The InnoDB storage engine is fully consolidated with the MySQL server, and the InnoDB storage engine maintains its own buffer pool for caching data and indexes in main memory. InnoDB stores its table & index in a tablespace, a tablespace can contain several files (or a raw disk partition). This is different from the MyISAM table, for example in the MyISAM table where each table is separated from the file. The InnoDB table can be any size, even on an operating system that has a file size limited to 2GB.

InnoDB is included in the MySQL binary distribution by default. Windows Essentials Installer makes InnoDB the default table for MySQL on Windows.

InnoDB is used in many large database sites that require high performance. The famous Internet news site runs on the InnoDB. Mytrix Inc. stores more than 1TB of data on InnoDB, and some other sites handle an average of 800 inserts/updates per second on the InnoDB.

A few simple generalizations are as follows:

1. Through the above, it is not difficult to see that the use of MyIsam InnoDB, MyIsam mainly applicable to small and medium data volumes. The InnoDB engine is suitable for large amounts of data. It's already clear. The famous open source e-business system [Magento] is created using InnoDB.

2. MyISAM writes faster than InnoDB.

3. When using InnoDB, you need to configure the MY.CNF to ensure that MySQL achieves maximum efficiency. Details can be viewed at the official website [inndo Performance adjustment]:

A lot of them have published online about MySQL Myidam and InnoDB differences in storage and reading. No research has been done yet.

Basic tests are based on comparisons using [transactions] and not using [transactions]. MySQL compares blocks for [non-transaction table] speeds.

Let us answer some of the following questions:
Do you have a foreign key in your database?
Do you need business support?
Do you need full-text indexing?
What kind of query mode do you often use?
How big is your data?

MyISAM only Index cache

InnoDB no index file data file InnoDB buffer

MyISAM can only manage indexes, which are cache by the operating system when the index data is larger than the allocated resource, and the data files depend on the cache of the operating system. InnoDB whether it's an index or a data, you manage it yourself.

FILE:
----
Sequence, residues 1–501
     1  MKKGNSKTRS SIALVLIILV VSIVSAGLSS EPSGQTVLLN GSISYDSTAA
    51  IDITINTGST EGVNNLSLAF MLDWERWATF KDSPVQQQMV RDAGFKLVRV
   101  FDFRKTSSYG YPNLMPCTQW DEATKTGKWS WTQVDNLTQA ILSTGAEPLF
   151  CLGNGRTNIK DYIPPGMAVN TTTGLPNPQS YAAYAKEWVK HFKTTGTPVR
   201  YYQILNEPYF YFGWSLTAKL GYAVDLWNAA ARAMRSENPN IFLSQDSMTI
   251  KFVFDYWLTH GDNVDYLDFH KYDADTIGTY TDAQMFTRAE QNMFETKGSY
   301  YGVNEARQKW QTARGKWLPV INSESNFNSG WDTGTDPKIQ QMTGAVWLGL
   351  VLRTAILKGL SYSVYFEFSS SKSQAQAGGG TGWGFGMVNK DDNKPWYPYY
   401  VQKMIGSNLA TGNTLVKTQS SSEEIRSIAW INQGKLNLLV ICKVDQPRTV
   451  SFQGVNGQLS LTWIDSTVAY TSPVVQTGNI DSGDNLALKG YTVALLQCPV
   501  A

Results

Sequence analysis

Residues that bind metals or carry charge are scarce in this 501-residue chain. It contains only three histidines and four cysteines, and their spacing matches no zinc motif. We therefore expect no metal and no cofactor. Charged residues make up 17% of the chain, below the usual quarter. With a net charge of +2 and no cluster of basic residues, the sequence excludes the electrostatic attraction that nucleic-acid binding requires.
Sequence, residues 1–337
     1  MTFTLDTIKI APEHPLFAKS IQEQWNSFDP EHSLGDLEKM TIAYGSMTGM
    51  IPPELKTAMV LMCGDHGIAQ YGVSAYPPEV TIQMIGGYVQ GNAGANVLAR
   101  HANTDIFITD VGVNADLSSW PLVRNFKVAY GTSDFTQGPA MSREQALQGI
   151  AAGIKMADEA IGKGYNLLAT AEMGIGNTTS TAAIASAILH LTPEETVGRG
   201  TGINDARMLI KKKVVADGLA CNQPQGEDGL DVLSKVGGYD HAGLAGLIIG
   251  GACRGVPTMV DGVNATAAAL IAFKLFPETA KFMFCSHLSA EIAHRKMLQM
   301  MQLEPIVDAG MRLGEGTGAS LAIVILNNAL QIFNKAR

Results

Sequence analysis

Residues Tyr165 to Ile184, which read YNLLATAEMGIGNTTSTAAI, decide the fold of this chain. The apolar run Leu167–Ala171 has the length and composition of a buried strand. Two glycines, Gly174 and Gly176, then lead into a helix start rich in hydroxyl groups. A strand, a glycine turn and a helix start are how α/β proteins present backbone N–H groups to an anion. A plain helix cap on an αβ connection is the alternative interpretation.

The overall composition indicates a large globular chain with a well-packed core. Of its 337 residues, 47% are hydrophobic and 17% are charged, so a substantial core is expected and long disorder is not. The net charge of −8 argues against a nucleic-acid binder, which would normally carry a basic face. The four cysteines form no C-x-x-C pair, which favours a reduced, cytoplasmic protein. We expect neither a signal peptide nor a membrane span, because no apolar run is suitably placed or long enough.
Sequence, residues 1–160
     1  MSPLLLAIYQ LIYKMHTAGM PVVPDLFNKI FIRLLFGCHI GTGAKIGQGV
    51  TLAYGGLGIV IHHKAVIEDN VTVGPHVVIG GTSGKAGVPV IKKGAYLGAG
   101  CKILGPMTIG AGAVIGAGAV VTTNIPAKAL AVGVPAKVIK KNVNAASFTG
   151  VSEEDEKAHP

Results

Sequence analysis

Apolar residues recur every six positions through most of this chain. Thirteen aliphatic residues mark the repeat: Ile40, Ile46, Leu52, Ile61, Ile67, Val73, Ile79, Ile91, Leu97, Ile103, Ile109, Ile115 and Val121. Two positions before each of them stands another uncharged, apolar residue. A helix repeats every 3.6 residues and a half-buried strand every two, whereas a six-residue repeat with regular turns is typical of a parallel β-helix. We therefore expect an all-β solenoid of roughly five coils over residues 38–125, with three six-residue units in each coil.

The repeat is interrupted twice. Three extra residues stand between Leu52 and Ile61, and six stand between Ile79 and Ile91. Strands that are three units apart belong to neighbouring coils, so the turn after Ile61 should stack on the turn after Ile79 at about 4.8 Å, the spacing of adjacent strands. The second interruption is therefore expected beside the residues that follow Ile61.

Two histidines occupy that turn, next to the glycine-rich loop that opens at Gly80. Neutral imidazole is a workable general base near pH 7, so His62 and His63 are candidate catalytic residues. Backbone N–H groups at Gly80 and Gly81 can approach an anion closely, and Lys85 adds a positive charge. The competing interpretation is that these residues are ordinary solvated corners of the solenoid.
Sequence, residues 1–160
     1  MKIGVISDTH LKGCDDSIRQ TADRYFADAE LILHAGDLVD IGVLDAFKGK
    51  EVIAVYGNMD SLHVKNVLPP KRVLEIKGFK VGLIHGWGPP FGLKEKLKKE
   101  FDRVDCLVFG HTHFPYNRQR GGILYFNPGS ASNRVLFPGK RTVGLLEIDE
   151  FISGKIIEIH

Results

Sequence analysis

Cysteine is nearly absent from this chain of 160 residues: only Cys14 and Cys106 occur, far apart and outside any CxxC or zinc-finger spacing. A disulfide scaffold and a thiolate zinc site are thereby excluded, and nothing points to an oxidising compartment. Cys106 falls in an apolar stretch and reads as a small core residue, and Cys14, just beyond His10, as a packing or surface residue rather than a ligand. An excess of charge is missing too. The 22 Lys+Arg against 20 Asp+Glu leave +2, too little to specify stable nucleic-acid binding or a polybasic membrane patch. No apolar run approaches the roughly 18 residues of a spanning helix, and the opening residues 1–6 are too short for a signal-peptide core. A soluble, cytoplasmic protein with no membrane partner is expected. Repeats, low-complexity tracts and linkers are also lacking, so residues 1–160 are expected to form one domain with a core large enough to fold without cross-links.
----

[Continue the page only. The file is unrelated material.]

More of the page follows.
Thinking about these issues can help you find the right direction, but that's not absolute. If you need a transaction or a foreign key, then InnoDB may be a better way. If you need Full-text indexing, then MyISAM is usually a good choice because it's built into the system, but we don't actually test 2 million of lines of records regularly. So, even slowly, we can get full-text indexing from InnoDB by using Sphinx.

The size of the data is an important factor that affects what storage engine you choose, and large data sets tend to choose InnoDB, because they support transaction processing and failback. The size of the database determines the length of the recovery, InnoDB can use the transaction log for data recovery, which is faster. And MyISAM may take hours or even days to do these things, InnoDB only take a few minutes.

Your habit of manipulating database tables may also be a significant factor in performance impact. For example, COUNT () can be very fast in the MyISAM table, and it can be painful under the InnoDB table. The primary key query is pretty fast under InnoDB, but it's important to be careful if our primary key is too long to cause performance problems. A large number of inserts statements would be faster under MyISAM, but updates would be quicker under innodb-especially when the volume of concurrency was high.

So, exactly which one do you use? From experience, if it is a small application or project, then MyISAM may be more appropriate. Of course, using MyISAM in a large environment can be a great success, but it's not always the case. If you are planning to use a project with a large amount of data, and require transaction processing or foreign key support, you should really use the INNODB approach directly. But remember that InnoDB tables require more memory and storage, and converting 100GB MyISAM tables to InnoDB tables can be a very bad experience for you.


MyISAM: This is the default type, which is based on the traditional ISAM type, and ISAM is the abbreviation for Indexed sequential access method (indexed sequential access methods), which is the standard way to store records and files. Compared to other storage engines, MyISAM has most of the tools for checking and repairing tables. MyISAM tables can be compressed, and they support full-text search. They are not transaction-safe and do not support foreign keys. If something is rolled back it will cause an incomplete rollback and not be atomic. It is a better choice if you perform a lot of select,myisam.

InnoDB: This type is transaction-safe. It has the same characteristics as the BDB type, and they also support foreign keys. The InnoDB table is fast. Features that are richer than bdb, so it is recommended if you need a transaction-safe storage engine. If your data performs a large number of inserts or updates, you should use the InnoDB table for performance reasons.

For INNODB types that support things, the main reason for the speed is that the AUTOCOMMIT default setting is open, and the program does not explicitly call begin transactions, causing each insert to automatically commit, seriously affecting the speed. You can call begin before executing SQL, and multiple SQL forms one thing (even if the autocommit is open), which can greatly improve performance.


InnoDB and MyISAM are the most commonly used two table types in MySQL, each with its own pros and cons, depending on the specific application. The following is a known difference between the two, for informational purposes only.